Meanwhile, perhaps the most impressive opportunist catch of the year came in the form of an 86cm barbel for Jack Briggs. The fish was spotted by accomplished river guide Kim Tribe, before sucking in a small nymph and making hearts miss a beat or three! Armed with just a two-weight rod intended for the local trout and grayling (not exactly the tackle most barbel anglers would choose to put it mildly), the fish tested tackle and nerves to the limit! With careful playing and the calming influence of Kim, however, it was caught and carefully released. “The very fact Jack landed this fish is an amazing bit of angling skill,” said Matt Hayes.
As for the rest of the field, there were plenty of other belters to back up an incredible list. Oliver Jenkinson and Thomas Finney had a remarkable season across Midlands reservoirs, targeting zander by design with considerable success, not to mention some good pike. Hats off to two talented fly anglers who, quite alarmingly, look well under forty. If only we could clone some of this year’s entrants!
Another branch of fly fishing that’s growing rapidly is carp. The past year was no exception, with Richard Gill, Jason Williams and GA Anderson all landing excellent specimens, including a lake record no less! Very well angled, you three.
Meanwhile Joanna O’Hara’s excellent river perch was a fabulous catch on a beaded nymph, while Martin Smith’s streamer caught canal bream also made the highly commended list, with entrants winning sets of Turrall Flies or special Fly For Coarse logo T-shirts.
You can see all the other catches and a final table of the best of them here: http://flyforcoarse.com/2018-gallery/
Further thoughts from the panel…
So, with 2018’s results done and dusted, what were the overall impressions of the panel? And, just as importantly, what might we expect in 2019? Above all, the hope is that more anglers will continue to branch out and enjoy making their own discoveries. It seems obvious that pike and carp are now part of mainstream fishing… why the heck not add chub, perch, rudd and others to that list? It’s certainly not through any lack of willingness of these creatures to grab a fly!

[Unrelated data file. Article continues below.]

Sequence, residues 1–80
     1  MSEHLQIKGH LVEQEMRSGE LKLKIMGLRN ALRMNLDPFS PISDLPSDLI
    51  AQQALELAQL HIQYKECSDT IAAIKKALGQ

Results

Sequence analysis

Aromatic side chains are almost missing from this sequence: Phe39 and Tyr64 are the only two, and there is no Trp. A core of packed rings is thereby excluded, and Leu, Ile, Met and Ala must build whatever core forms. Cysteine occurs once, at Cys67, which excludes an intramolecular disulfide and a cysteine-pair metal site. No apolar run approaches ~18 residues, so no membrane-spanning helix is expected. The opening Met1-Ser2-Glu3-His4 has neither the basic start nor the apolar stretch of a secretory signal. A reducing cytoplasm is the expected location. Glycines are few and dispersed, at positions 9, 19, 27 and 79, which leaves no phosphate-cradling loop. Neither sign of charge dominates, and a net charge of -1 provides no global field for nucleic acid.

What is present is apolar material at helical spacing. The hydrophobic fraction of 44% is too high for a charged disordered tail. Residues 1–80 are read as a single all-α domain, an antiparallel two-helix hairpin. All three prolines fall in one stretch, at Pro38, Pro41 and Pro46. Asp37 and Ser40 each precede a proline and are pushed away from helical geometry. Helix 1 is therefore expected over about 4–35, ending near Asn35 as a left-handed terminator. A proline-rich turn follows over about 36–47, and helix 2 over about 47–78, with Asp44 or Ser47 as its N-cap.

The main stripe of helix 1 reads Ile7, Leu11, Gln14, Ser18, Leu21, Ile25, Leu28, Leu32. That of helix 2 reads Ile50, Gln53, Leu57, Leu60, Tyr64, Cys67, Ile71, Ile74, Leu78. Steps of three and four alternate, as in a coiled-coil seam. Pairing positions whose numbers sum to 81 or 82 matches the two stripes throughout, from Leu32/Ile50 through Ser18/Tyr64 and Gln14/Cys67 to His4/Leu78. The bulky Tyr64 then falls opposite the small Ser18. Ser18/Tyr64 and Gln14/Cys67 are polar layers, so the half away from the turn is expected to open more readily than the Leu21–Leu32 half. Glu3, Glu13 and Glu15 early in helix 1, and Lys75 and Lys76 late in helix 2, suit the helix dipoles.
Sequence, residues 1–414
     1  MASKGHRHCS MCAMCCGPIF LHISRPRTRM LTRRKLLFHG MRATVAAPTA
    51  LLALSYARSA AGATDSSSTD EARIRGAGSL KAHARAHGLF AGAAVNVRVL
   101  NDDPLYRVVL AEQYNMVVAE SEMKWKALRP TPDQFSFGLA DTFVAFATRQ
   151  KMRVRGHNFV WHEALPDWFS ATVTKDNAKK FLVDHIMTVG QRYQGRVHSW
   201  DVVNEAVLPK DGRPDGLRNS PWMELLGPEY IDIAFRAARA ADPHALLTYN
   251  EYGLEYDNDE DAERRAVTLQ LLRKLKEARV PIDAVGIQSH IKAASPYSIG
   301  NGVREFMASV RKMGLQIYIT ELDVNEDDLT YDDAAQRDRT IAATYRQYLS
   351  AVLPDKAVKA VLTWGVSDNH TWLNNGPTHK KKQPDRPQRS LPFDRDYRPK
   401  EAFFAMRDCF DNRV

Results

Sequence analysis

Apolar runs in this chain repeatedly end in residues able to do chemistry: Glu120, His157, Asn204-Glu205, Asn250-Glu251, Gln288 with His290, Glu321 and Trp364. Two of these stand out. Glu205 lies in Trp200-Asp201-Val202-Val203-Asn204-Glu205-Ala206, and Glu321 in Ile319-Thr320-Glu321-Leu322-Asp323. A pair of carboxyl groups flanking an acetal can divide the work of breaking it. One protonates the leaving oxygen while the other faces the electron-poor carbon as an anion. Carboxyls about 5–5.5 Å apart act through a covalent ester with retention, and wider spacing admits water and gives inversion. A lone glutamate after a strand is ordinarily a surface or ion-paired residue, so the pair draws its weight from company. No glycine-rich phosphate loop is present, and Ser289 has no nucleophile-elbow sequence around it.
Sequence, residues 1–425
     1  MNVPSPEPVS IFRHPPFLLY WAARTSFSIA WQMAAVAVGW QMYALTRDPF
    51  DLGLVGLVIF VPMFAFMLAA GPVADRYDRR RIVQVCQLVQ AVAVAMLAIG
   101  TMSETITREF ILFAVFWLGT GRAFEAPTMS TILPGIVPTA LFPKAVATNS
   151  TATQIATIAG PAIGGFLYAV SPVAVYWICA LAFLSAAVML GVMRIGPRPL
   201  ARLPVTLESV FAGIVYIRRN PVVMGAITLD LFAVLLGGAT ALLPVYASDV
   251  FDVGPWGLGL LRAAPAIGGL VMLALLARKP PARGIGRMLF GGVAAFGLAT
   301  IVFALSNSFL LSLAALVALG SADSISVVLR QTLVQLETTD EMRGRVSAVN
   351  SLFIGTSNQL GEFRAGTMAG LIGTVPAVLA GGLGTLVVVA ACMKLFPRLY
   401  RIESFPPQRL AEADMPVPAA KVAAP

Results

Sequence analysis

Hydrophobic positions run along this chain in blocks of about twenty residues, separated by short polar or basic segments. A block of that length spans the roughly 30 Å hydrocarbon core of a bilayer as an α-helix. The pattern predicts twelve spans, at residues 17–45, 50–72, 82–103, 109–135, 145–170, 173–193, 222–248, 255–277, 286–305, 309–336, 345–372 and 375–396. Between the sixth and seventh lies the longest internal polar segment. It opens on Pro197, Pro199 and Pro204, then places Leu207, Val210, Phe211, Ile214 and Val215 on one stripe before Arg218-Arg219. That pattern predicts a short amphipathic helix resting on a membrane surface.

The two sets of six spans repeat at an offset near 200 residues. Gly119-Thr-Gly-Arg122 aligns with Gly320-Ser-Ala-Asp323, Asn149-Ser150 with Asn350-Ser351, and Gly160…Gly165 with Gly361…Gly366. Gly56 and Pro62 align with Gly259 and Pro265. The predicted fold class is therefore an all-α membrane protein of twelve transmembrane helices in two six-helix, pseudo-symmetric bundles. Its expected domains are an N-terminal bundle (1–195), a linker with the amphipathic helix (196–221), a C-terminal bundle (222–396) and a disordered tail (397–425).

“It’s especially welcome to see more younger anglers making the cut this year, not to mention so many of the top entrants tying their own flies” John Bailey told me. “I think it shows that if you’re bright and inquisitive, and willing to try something different, there is huge potential out there. For angling as a whole, let’s hope that this also indicates a growing appetite for wild angling and more active and interesting ways of catching fish.”
“I’d like to congratulate everyone who got involved, as well as the shortlist” agreed Matt Hayes. “When I’m asked what keeps my enthusiasm burning for angling after so many years, I always answer that it’s the challenge. It’s about exploring new and different methods and the great satisfaction that brings. In this respect, I’d consider these anglers as kindred spirits, because fly fishing is all about the challenge- whether it’s tying your own flies, figuring out different waters or learning new skills.